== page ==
Wages growth can typically be linked to the labour market measures like employment growth six months earlier.
In the final quarter of 2007, for example, annual employment growth was running strongly at 3.2 per cent, before being ground down to just 0.2 per cent by the second quarter of 2009.
Growth in the wage price index produced, like the labour force data, by the Australian Bureau of Statistics, peaked at 4.3 per cent in the second quarter of 2008, half a year after jobs growth peaked, and bottomed out at 2.9 per cent, two quarters after jobs growth.
The link between jobs and wages is never perfectly regular, but it appears to have gone completely haywire over the past year or so.
The recent low point for annual jobs growth – using quarterly average data – was in the final quarter of 2013.
Since then annual jobs growth has picked up from 0.5 per cent to 2.1 per cent.
But wages growth has continued to slow, from 2.5 per cent two quarters after jobs growth bottomed, when wages growth ought to have hit its low point, to just 2.3 per cent in the second quarter of 2015, according to figures released by the bureau on Wednesday.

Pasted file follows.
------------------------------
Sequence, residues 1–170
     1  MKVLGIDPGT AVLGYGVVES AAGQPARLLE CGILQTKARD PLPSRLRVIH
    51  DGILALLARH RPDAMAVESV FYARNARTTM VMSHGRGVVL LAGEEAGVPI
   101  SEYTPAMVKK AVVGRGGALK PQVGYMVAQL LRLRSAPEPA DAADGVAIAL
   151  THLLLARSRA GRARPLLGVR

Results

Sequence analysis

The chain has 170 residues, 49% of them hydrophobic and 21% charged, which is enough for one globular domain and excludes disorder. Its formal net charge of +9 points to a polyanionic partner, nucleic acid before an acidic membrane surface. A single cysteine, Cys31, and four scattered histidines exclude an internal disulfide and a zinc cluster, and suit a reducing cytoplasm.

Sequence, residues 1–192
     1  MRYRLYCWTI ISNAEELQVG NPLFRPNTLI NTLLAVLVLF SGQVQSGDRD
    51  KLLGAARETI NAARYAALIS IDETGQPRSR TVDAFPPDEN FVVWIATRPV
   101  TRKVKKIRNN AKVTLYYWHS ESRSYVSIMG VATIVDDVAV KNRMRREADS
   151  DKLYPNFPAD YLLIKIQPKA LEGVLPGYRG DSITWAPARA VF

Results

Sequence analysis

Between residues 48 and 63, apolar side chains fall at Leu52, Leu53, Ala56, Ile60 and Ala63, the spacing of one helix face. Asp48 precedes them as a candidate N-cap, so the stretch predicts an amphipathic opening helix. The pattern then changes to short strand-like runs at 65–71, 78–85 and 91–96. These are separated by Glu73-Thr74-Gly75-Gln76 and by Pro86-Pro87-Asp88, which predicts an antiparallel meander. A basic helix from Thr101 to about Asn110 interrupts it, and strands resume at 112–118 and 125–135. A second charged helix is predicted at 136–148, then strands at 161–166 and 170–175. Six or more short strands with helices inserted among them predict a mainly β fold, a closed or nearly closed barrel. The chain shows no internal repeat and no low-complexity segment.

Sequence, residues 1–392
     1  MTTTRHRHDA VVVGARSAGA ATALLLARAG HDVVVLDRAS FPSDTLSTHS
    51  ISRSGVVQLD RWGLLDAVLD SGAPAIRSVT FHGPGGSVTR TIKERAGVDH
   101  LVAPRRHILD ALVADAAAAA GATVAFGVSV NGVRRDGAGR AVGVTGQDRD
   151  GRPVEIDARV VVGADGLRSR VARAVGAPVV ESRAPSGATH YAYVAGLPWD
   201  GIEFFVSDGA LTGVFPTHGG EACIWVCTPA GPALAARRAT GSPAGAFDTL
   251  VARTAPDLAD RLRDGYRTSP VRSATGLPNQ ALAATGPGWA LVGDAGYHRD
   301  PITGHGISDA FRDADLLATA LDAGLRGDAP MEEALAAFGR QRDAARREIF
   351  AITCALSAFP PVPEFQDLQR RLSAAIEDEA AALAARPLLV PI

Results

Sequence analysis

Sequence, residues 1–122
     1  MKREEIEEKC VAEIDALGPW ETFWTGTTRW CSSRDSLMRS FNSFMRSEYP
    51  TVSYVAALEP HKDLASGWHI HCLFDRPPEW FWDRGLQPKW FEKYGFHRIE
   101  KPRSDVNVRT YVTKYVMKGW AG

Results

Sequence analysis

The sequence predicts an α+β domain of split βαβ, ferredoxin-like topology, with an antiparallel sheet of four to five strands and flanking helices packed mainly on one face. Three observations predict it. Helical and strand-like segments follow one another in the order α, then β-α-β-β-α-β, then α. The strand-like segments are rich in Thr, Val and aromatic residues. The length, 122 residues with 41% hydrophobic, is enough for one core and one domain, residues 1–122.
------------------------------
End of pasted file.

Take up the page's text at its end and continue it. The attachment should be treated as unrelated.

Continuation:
The wage price index only takes us back to 1997, but other longer-running data sets, like average weekly earnings and the average employee compensation measure from the national accounts, suggest wages growth is at its slowest for at least half a century, with the possible exception of a few quarters during the early-1990s recession.
Even though jobs growth really ought to be picking up.
Three possible explanations spring to mind.
One is that weakness in specific sectors, notably mining and the mining-related construction and services, is weighing the average down as the mining investment boom goes bust.
Another is that, although jobs growth is back up to about normal, there is a residual drag on wages from the prior three years of below-par jobs growth.
A third is that jobs growth is simply being overestimated.
It wouldn’t be the first time.
A possible culprit is slower immigration.
But the bureau’s assumption for annual growth in the estimated working-age population, which typically moves in lockstep with migration and long-term visitor flows – and which forms the basis for employment estimates, has been virtually unchanged for the past four years.
If population growth is being overestimated, as seems likely, then jobs growth probably is, too.
But just which of these three possible factors, or what combination of them, might resolve the wages/jobs conundrum remains to be established.